What is the Greek Government Debt Crisis?
The Greek Government Debt Crisis, also known as the Greek Depression, occurred after the financial crisis of 2007-2008. The weak structure of the Greek economy, the trouble from the recession and the unaccounted-for debt levels and deficits all had a part in the debt crisis.
Where have you heard about the Greek Government Debt Crisis?
The Greek debt crisis was well covered in the worldwide media, with much discussion of Grexit – Greece’s potential exit from the Eurozone. This was partly due to the fact that, as the recession advanced, European core countries stopped being able to lend as much money to peripheral countries like Greece.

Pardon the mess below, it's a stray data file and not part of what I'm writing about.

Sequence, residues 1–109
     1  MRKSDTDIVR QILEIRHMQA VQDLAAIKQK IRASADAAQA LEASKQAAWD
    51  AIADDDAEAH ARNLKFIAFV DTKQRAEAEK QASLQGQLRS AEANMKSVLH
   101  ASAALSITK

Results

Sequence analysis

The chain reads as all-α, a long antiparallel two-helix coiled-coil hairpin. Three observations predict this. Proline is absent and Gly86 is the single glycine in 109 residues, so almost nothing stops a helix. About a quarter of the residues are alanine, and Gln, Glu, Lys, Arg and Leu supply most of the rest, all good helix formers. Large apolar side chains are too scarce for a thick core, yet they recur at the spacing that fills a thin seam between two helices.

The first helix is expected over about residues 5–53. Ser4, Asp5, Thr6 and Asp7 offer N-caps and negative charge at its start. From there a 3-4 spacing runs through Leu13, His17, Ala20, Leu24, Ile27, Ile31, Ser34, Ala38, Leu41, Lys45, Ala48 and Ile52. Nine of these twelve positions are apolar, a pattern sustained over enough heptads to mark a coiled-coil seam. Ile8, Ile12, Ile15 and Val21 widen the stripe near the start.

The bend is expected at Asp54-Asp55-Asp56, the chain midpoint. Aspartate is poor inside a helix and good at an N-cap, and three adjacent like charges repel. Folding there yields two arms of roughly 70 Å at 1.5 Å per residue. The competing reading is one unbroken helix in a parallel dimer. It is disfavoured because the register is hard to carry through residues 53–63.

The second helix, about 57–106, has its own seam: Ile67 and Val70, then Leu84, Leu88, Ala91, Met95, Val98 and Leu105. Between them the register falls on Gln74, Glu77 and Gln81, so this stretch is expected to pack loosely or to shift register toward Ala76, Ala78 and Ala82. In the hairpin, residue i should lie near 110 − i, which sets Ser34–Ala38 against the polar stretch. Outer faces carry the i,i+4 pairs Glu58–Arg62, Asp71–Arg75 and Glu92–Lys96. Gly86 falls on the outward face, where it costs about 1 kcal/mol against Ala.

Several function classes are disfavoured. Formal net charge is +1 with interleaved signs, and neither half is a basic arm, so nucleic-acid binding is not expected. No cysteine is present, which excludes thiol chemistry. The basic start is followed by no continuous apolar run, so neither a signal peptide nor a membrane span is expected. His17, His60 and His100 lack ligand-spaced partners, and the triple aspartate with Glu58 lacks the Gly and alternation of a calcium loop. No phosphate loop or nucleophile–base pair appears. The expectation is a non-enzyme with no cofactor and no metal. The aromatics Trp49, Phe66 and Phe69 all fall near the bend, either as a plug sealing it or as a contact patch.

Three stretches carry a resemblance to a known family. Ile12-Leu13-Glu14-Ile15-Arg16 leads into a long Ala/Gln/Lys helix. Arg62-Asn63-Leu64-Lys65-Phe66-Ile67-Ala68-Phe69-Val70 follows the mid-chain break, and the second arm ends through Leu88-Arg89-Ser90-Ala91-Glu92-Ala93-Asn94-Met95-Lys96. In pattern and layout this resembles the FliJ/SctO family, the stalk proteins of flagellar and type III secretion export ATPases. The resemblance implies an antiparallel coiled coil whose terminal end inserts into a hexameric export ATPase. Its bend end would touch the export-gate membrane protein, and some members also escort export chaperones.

What you need to know about the Greek Government Debt Crisis.
A country that undergoes a sharp sudden stop from its private investors or core country lending usually lets its currency depreciate over time, but as Greece still remained in the Euro, this was not a possibility for the country. In the four years from mid 2010-2014 Greek wages fell by almost 20%. The result of this was a harsh recession, a decline in tax receipts and a serious rise in debt to GDP ratio. Unemployment rose from below 10% in 2003 to 25%.